‘SC Gave LGBT Legal Protection; Safety, Acceptance Yet To Come’

Raga Olga D’silva, an LGBT advocate, author and entrepreneur, says the Supreme Court helped pave the way. Now, society has to take it forward

September 6 is a very special day for all of us in the LGBTQ community, whether out or in the closet. Three years ago on this day, the Supreme Court upturned Section 377 which criminalised consensual private sexual conduct between adults of the same sex. The penal provision said: “whoever voluntarily has carnal intercourse against the order of nature with any man, woman or animal, shall be punished with imprisonment for life, or with imprisonment of either description for a term which may extend to 10 years, and shall also be liable to fine.”

Imagine if we had such laws in a heteronormative world!

The sense of freedom one felt cannot be expressed in words. I no longer had to legally hide my sexual preference. I no longer had to pretend around authorities about my same sex relationship. Legally, I became finally protected. But does that make me feel safe?

Protection and safety are two separate concepts. One provides you the option of lawfully living your life with no fear. The latter is based on society, their mindsets and how evolved they are to accept us. Thus, I am yet to feel safe. I still walk around waiting for someone to throw a slur at me, judge me, shame me, abuse me and ridicule me. I still get hateful trolls.

Has making the Section 377 unconstitutional allowed me the rights I would take for granted if I lived a heterosexual life? I still do not enjoy all the privileges that come with such freedom. Banks are just about beginning to value the ‘pink’ rupee and the ‘value’ the LGBTQ community contributes to the economy. Insurance companies, schools, universities, hospitals, are still catching up.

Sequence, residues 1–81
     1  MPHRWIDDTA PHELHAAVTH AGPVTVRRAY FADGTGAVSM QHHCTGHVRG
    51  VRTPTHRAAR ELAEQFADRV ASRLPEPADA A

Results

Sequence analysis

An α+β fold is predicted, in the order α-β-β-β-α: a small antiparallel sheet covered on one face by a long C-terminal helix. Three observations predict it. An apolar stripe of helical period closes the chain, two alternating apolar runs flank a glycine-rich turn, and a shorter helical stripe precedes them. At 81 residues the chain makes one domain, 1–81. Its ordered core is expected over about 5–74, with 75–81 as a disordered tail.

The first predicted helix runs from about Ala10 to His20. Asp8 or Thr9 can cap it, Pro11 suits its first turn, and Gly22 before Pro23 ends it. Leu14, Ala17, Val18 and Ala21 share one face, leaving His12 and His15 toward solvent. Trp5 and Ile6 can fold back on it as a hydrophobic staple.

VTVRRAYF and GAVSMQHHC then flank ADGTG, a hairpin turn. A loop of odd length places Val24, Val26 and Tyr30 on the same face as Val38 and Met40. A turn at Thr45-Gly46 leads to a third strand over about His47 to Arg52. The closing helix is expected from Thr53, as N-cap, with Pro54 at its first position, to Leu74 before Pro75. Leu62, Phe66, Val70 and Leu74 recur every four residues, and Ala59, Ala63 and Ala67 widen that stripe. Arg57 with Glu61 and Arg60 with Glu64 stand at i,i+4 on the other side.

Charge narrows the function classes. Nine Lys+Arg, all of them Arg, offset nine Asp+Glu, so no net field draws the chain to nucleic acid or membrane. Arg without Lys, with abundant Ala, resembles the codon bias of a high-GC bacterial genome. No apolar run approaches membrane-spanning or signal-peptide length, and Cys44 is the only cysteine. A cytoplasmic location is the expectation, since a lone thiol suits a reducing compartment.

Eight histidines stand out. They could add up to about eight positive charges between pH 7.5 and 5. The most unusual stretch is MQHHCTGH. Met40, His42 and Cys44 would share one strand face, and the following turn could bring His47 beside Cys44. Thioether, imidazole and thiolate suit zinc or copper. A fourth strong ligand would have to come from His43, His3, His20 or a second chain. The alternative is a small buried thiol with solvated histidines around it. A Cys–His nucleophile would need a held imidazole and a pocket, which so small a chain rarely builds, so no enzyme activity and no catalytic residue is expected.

Raga with her partner Nicola (right)

The corporate world is just about joining the bandwagon and have started looking at equality, diversity, and inclusion as part of what they offer their employees. This is extremely important as many of us come from homophobic backgrounds, due to lack of understanding and awareness. We do spend a lot of time at our workplace and any sensitisation towards the community will only create ally-ship and help bring in inclusion and equity.

Schools and universities are inviting more voices from the community to help raise awareness and acceptance. Some of the stories we hear from the community are heart-breaking; particularly as we hear about homophobic teachers and administration. This needs to change, as our schools and universities need to ensure we teach people about equality, love and human rights. It must start with our teachers.

ALSO READ: ‘Parental Acceptance Can Heal LGBTQ Kids Trauma’

The next step is to introduce laws around discrimination. I hope we create laws that will ensure our safety at all levels. That marriage rights are given to us. Adoption rights are given to us. And all those rights that a heterosexual couple enjoy are given to us. We make excellent parents, and research indicates that. My children have been brought up by two mothers and they live a life of non-judgement. We need such stories and narratives so we can together create a world that is inclusive and does not judge people on their own prejudices.

However, life hasn’t really changed much for me. I live in the UK, with regular travel into India. I live two lives. I am an openly gay woman in the UK but when I cross into Indian borders, I go back into my shell.

The fear lives in me. The mindsets are still far from reaching its maturity. There is a large populace who believe my same sex relationship is illegal, shameful, an illness and abnormal. Until that changes, I will be forever in hiding.

My partner and I started ‘coming out stories from India’ as a series on my YouTube Channel to bring real lived experiences and role models to those who need such awareness. A story I wrote loosely based on my life is being made into a film by the critically acclaimed filmmaker Onir. I am writing my memoirs of my struggle of internalised homophobia and the challenges.

The narrative will change, I truly believe, but one story, one ally, one voice, one narrative at a time. The Supreme Court has helped pave the way. Now, let’s take it forward. Together.

As Told To Mamta Sharma

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